If it were simply a matter of the U.S. not allowing American companies to trade with Cuba, the policy would be considered a trade embargo. However, the U.S. government strong-arms the rest of the world into choosing between trading with the United States and trading with Cuba. This means if Toyota wants to export cars to the United States, it cannot export a single car to Cuba. Additionally, freight ships that dock in a Cuban port cannot dock in an American port for a specified number of days.
The U.S. has the largest economy in the world and is the heart of global capitalism/imperialism. Cuba is a small, post-colonial island nation with a history of rampant economic exploitation at the hands of Spanish colonialists and American imperialists. Unsurprisingly, most major corporations choose to engage with the American economy at the expense of the Cuban economy. The end result is Cuba is economically isolated from much of the global economy, and experiences shortages. Because of the blockade, Cuba hasn’t been able to import certain life-saving drugs, technical equipment or modern automobiles for decades.
Did Obama end the blockade?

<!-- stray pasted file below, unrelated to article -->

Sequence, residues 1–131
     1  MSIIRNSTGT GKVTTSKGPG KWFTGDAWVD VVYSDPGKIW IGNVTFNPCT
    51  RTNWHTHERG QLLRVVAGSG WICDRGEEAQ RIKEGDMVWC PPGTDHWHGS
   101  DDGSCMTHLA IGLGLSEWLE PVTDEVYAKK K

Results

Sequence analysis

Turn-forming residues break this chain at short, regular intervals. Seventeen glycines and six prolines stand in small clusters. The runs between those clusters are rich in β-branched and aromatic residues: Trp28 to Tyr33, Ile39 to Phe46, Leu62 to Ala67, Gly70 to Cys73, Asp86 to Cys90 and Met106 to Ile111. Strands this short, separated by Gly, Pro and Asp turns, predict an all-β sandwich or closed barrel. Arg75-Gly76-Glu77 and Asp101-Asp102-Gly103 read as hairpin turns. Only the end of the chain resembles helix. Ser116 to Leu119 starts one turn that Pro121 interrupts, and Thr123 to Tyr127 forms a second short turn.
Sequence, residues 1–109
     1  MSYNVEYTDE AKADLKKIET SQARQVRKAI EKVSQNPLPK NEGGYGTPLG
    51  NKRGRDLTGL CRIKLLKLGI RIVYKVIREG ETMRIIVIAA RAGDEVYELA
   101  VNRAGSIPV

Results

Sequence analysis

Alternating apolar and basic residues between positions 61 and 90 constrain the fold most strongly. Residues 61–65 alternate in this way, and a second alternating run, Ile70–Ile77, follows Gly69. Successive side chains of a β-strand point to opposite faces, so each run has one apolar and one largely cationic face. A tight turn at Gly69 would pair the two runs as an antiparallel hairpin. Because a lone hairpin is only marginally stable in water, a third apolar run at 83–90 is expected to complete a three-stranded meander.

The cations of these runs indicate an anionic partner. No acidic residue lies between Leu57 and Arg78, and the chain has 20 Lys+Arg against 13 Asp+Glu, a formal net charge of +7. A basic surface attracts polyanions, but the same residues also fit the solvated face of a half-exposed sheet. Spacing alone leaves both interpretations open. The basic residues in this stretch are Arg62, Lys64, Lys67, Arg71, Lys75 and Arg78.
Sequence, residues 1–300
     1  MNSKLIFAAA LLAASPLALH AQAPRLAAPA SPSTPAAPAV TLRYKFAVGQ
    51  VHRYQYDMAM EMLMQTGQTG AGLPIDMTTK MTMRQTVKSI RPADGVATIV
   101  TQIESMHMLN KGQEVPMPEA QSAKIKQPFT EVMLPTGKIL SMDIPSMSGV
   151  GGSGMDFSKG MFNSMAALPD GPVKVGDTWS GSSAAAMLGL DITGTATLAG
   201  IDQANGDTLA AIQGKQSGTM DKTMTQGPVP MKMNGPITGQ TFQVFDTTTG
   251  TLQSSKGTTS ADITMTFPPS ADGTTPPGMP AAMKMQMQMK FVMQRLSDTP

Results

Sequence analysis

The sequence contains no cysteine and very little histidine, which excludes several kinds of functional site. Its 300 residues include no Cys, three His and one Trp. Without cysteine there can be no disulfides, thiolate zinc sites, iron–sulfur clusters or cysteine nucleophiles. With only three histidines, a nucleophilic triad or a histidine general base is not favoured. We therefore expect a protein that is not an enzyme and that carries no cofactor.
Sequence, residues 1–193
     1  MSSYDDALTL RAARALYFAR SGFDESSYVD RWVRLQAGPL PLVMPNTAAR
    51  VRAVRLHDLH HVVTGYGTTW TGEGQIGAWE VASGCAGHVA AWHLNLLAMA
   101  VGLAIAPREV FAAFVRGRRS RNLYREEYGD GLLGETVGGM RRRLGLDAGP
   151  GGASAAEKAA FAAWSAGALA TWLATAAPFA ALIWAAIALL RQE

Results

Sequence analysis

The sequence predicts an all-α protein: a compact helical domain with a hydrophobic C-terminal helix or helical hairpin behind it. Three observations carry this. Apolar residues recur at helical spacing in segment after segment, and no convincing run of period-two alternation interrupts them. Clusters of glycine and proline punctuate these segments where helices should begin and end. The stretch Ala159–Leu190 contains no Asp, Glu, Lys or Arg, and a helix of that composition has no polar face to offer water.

In an historic rapprochement, former U.S. President Barak Obama established diplomatic relations with Cuba in 2015. At the same time, however, the U.S. government’s ultimate goal of regime change and capitalist restoration in Cuba remained the driving motivator of Obama’s foreign policy.
Obama did not end the blockade of Cuba; he merely loosened travel restrictions for Americans traveling to Cuba, and normalized diplomatic relations. He maintained the financial, economic and commercial blockade. Obama’s “reforms’”were an attempt to use soft power to bring about regime change in Cuba, recognizing that overtly aggressive policies have been a disaster and further entrenched support for the Cuban Revolution.
The restrictions to Cuba